A view into the construction and design of my Calypso MOC.
About this creation
Okay, so nothing really new here, except a chance to have a closer look at certain details of how the Calypso was build.
Of course I am no Professor Eggplant, and really dont pretend to have anything revolutionary to tell, but anyway here are some closer looks inside the MOC...
The MOC separates in two major parts. The bottom, and the rest. There is no fixed connection between the two parts, the top "floats" on the bottom.
The top is actually a water-line model, perfectly flat underneath.
All major parts separates freely into smaller parts. All decks floats freely, and are just held into place by the the hull, the railings and the buildings.
The photo break-down focuses on 3 subjects;
This kind of 1x2 stud "flexi-hull" has been used by many builders here. Here is my version.
The tiles on top of the yellow beams supports the 2 stud thick deck. The white bricks with no tiles supports the deck where the deck is only 1 stud thick.
As I dont have enough white 1x2 bricks, 2x2 (and others) are thrown in where apropiate.
More than 6 months ago I was testing out the flexi-hull design, and couldnt come up with a satisfying way to make the bow. This time I found a satisfactory solution!
The hull seen from the bottom. It's not too strong, but with the decks mounted, -pressing against the hull, the constructon becomes locked and stable.
Decks and buildings off. The end was made in a hurry, and it just clips on to the 4 SNOT studs shown above...
The stripped down Calypso ready to have its decks removed.
I think around 90% of all the tan bricks comes from a single 4954 set (The tan-coloured Creator house) -Which also supplied all the bricks used for the railings.
A mix of 1- and 2-stud thickness.
The main building pops right out.
And then the decks can be lifted out. It's a tight fit, but they are actually not locked in with any stud-connections.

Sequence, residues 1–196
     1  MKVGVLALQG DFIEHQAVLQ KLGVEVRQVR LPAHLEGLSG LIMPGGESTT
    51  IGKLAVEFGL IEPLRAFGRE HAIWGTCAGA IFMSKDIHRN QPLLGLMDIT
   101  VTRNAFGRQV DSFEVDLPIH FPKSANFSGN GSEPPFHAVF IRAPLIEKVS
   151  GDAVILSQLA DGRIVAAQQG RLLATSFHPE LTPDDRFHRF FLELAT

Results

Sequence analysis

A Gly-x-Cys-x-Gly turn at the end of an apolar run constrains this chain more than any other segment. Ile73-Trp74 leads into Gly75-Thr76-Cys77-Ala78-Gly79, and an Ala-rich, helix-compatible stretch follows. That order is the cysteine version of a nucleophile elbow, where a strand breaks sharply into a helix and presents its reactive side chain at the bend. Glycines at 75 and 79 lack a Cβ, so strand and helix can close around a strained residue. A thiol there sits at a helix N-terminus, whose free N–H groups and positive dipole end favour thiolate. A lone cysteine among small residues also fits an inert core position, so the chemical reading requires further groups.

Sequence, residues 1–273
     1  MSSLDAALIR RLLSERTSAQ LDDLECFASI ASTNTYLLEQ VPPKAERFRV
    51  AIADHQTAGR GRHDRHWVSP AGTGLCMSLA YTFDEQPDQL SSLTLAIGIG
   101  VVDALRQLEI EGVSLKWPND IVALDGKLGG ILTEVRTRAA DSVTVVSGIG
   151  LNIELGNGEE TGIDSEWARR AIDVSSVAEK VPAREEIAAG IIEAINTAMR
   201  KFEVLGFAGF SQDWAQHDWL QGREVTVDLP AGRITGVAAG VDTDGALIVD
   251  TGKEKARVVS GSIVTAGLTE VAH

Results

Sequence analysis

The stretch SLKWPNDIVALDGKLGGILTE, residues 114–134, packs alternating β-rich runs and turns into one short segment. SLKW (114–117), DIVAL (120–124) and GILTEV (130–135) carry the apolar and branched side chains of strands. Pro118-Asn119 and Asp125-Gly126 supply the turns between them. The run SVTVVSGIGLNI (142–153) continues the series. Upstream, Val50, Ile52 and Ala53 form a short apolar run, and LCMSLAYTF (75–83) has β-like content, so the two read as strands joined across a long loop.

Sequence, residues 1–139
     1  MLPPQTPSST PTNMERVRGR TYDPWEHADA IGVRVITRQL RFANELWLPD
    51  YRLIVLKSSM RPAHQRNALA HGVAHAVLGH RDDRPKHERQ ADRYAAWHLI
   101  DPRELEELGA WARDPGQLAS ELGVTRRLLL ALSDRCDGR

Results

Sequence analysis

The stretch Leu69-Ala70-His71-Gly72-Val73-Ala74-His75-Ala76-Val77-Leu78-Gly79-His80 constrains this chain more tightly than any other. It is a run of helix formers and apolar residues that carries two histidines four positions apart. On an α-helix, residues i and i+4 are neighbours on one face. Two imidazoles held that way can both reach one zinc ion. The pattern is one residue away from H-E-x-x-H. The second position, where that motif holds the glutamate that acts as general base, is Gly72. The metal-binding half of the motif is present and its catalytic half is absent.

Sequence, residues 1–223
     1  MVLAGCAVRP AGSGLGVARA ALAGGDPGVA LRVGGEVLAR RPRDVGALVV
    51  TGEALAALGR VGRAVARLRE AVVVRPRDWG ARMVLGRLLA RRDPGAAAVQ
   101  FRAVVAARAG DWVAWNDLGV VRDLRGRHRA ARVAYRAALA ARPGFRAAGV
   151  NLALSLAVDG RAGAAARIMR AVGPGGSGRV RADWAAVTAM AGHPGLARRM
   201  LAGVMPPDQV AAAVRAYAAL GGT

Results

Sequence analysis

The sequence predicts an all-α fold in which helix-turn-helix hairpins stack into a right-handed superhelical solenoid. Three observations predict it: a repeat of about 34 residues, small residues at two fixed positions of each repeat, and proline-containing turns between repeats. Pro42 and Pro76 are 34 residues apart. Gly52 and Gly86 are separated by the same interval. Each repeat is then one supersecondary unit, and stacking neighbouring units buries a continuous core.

Note the staggering of the deck, along the center line.
This is the same construction as used with the U-96, except this one is bigger.
It was done by putting the Hull upside-down and then trace the outline with red 30º slopes all the way around (on one side, the constructon is then mirrored to the other side)
Unfortunatly I didnt have enough 30º slopes, so the clean style of the construction is broken, but fortunatly it doesnt show too much on the photos (nor in real life)
It's perfectly flat on top EXCEPT for some lateral guiding for the hull part.
Here I pretend to show how the "axles" for the propellers are held, and allowed to angle a little downwards.
The bottom is a 3-part sandwich construction; A 1-stud wide keel made up of technic-beams and two mirror-identical sides.
One side without the keel.
The other side, with the keel attached.
Example of the staggering of the 45º bricks (and some of my too-few 30º bricks.)
I think this makes much smoother hulls possible.
More red cosntruction-madness.
Studs in 5 different directions here. (not counting odd directions used for the propellors)
Here endeth the break-down of the construction of the Calypso. I hope you enjoyed it.
Really classy model. There's something to be said about a model that can be taken apart that easily for storage/transport or in this case showing off how it was built! I love the fact that the top part becomes a waterline model.
Thanks Henrik for explaining the construction of this beautiful boat model. You really are a first class lego modeller. I like the innovative way you have used SNOT and other techniques to create the model.